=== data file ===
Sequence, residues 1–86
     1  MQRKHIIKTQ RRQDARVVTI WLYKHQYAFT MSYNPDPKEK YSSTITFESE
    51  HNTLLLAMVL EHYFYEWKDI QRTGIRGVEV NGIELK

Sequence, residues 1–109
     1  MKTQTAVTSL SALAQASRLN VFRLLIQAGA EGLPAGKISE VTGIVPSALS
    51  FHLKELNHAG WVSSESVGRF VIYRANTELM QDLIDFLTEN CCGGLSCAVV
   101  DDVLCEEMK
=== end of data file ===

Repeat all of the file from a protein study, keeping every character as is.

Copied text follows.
Sequence, residues 1–86
     1  MQRKHIIKTQ RRQDARVVTI WLYKHQYAFT MSYNPDPKEK YSSTITFESE
    51  HNTLLLAMVL EHYFYEWKDI QRTGIRGVEV NGIELK

Sequence, residues 1–109
     1  MKTQTAVTSL SALAQASRLN VFRLLIQAGA EGLPAGKISE VTGIVPSALS
    51  FHLKELNHAG WVSSESVGRF VIYRANTELM QDLIDFLTEN CCGGLSCAVV
   101  DDVLCEEMK